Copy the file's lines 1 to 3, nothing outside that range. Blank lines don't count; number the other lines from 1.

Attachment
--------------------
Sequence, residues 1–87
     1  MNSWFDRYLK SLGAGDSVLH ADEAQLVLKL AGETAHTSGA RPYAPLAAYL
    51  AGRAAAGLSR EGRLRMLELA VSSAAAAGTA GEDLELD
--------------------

Sequence, residues 1–87
     1  MNSWFDRYLK SLGAGDSVLH ADEAQLVLKL AGETAHTSGA RPYAPLAAYL
    51  AGRAAAGLSR EGRLRMLELA VSSAAAAGTA GEDLELD